Tuesday, 25 April 2017

Album Review: Eight Nights by Grand-Pop (by Emma Prew)

Grand-Pop are somewhat of a powerpop punk supergroup with members from The Attika State (Warren, guitar and vocals), Attack! Vipers! (Tom, bass) and Caves (Lou, drums and vocals). Each of those bands have quite different sounds so it’s certainly going to be interesting to hear what music they can create together! Eight Nights is Grand-Pop’s debut album which has been a little while in the making – originally written in 2012 and ’13, before finally being recorded in 2015 and ’16. Eight Nights features 8 songs – hence the title, I imagine – and is out now on Specialist Subject Records in the UK and Discos Finu in Spain/Europe.

Drop Trow is the first song on Eight Nights and it does a great job of introducing the sound of Grand-Pop, who for most, me included, are a fairly new band – loud, bright powerpop to get your head nodding along to. The guitar, bass and drums are all pretty loud with Warren’s vocals remaining able to carry over the top – a good song to wake you up in the morning, especially if your head is feeling at all fuzzy! The second song, High Hopes, starts out with drums before a neat little guitar riff once again gets your head nodding. Warren sings the opening line – ‘I’ve found a way, A way of holding on…’ – with elongated ‘way’ and ‘on’s, which I’m figuring out is theme of his singing style. You’ve got to have a pretty good voice to be able to do that sort of thing and still sound good, I think anyway, and this man certainly does. Warren isn’t the only vocalist in Grand-Pop as Lou also lends backing vocals on Eight Nights and this starts to become apparent on the chorus – ‘…And I’m leaning on and falling off, With a space for my high hopes, High hopes, Holding on.’ They are only subtle backing vocals mind you so perhaps this is a taste of what is yet to come.

‘It’s my way back, It’s my way back, Oh-ee-oh oh-ee-oh oh-ee-oh, Woah-oh-oh-oh.’  is the opening line of track number three, Nova Scotia  which definitely lends itself to being a big live singalong. I mean, who doesn’t like screaming woah-ohs along with a band? The vocals seem more strained and urgent on this song, like Warren is really desperate to get away – and escape… to Nova Scotia. This is one of the shorter songs on the album and it needn’t be any longer as it gets straight to the point, which is sometimes just what a song needs to do. Nervous Nelly is next up and I would say that this is one of my favourites on the album. I mentioned earlier about Lou starting to be heard for backing vocals, well this is perhaps more apparent on Nervous Nelly. The verses are still sung by Warren but Lou joining the mix on the chorus adds another dynamic to the Grand-Pop sound. The screams of ‘Get up, Get up, And get up, Get up.’ by both singers really reminds me of RVIVR, another band with a great dynamic between their two vocalists – incidentally when we last saw RVIVR, at Fest 15, Lou played bass for them!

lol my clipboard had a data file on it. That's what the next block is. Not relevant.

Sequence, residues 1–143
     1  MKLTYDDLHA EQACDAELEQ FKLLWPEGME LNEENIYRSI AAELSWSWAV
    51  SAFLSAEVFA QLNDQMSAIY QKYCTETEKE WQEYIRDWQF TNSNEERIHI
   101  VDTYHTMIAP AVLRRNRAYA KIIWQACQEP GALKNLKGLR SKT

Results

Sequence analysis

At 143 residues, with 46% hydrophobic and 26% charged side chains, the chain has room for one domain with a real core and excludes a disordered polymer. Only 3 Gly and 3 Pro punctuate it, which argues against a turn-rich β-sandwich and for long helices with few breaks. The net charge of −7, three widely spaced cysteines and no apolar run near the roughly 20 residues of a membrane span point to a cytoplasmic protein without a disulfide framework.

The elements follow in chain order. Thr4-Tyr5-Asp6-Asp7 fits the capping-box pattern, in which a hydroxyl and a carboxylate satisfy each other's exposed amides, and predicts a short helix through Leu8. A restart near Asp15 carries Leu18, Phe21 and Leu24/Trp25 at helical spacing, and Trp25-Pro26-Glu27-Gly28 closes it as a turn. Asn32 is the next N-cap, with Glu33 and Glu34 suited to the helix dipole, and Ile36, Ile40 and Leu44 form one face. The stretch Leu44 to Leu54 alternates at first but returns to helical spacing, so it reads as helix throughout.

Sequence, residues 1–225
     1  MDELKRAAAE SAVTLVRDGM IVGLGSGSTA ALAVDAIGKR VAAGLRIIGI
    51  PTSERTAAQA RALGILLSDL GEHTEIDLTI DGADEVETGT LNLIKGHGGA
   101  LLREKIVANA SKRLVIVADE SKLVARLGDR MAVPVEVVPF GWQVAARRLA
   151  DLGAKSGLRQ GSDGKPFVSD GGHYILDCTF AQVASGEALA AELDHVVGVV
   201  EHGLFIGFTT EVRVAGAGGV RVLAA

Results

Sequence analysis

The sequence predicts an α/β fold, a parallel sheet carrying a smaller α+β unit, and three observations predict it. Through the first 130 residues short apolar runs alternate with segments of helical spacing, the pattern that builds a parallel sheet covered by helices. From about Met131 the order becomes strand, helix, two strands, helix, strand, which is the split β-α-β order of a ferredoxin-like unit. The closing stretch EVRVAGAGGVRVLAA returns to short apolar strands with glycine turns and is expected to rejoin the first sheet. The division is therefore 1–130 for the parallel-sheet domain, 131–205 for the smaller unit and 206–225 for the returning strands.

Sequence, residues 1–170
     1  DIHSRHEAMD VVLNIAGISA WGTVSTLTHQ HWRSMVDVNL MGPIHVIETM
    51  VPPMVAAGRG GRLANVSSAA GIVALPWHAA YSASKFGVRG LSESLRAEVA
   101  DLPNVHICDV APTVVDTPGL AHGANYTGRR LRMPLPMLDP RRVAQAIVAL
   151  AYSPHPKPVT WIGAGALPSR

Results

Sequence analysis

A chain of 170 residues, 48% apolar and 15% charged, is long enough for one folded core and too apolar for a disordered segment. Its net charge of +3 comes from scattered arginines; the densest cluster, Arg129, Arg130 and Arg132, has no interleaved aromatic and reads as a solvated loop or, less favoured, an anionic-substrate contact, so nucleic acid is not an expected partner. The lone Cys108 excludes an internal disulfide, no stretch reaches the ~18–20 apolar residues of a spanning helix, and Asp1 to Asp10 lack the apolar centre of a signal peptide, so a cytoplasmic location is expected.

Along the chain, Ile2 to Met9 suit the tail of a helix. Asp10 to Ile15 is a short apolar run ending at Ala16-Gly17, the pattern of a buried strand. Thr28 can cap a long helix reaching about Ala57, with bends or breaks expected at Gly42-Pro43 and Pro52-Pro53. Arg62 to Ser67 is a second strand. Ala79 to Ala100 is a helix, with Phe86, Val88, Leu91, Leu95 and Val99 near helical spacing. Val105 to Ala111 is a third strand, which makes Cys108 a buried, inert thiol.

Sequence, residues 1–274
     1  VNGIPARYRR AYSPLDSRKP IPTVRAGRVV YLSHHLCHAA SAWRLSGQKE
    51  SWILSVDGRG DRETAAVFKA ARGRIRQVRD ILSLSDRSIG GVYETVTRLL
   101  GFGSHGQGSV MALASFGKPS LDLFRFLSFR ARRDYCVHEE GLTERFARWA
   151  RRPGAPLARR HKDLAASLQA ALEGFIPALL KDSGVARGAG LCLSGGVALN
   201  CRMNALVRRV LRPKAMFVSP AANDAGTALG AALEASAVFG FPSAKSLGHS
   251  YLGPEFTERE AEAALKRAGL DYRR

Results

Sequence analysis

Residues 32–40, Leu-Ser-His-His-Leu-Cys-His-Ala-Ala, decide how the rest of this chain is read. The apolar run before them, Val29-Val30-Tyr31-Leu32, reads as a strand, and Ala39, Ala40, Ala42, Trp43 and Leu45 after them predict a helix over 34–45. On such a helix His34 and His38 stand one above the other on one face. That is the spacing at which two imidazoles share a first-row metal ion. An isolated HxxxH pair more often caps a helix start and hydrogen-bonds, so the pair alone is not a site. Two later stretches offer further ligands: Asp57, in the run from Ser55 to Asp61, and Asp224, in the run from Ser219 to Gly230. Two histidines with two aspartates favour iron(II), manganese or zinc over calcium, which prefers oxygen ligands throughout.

Nervous Nelly has a particularly good musical outro which leads into the next track, On and On. Melody is definitely one of the key components of a Grand-Pop song and is certainly evident by track number five. On and On is a song about returning to your hometown and seeing people from your past. There’s a sense of nostalgia but also the idea that you might meet up with people just ‘for old times’ sake’ – ‘The sentiment that keeps us stuck right here, In the same voice and dialect, That keeps us on and on and on and on… For old, For Old time’s sake’. All of the tracks on Eight Nights have been relatively poppy but the chorus of this next song, Saturday Night, is probably one of the catchiest on the record. I dare you to listen to the words, ‘To the sentimental, Woah-oh, Sentimental, Woah-oh, Sentimental, Woah-oh-oh’, and not be singing it ten minutes later. This is a band that loves a good woah-oh and there’s something incredibly feel-good about that.

The penultimate song of Eight Nights brings us into a place of intense emotional but in the best possible way. Soul Man is an energetic ride and is a great example of what Grand-Pop are all about. The chorus contains some of the stand out lyrics of the album and I can’t help but believe every single word – ‘You’re my soul man, And this is my heartbreak woah-oh-oh, I’d leave you if I fucking could, I’d leave you if I if I could.’ The majority of the song is quite full on with all band members and instruments at full volume but the end of the song is more stripped back, allowing the listener to take in all of Warren’s feelings for one more chorus. Only a few songs ago I mentioned how Grand-Pop love a bit of woah-oh-ing, well the final track on Eight Nights is simply titled Woah. I feel like the sound shifts a bit for this last song as the guitars sound a bit more distorted and more straightforwardly rocky – if that makes any sense. That said, it’s not long before the woah-ohs start – they had to really, given the song title – encouraging you to enjoy one last singalong with the band. The song definitely feels like an album, or even a set, closer with a long musical section in the middle of it that starts to slow the pace down. There haven’t really been many slow moments on this album and so it makes the last line of the song, and indeed Eight Nights as a whole, hit home all the more. ‘And I’m not, No I’m not, I’m not so invincible, If anything yeah these measures, They got bigger with time.’  

Grand-Pop describe their sound as being ‘somewhere between The Weakerthans, The Promise Ring and Weezer’ so if that, or any of my words above, connect with you then you can buy, download and stream Eight Nights now.

You can also find Grand-Pop on Facebook here.

This review was written by Emma Prew.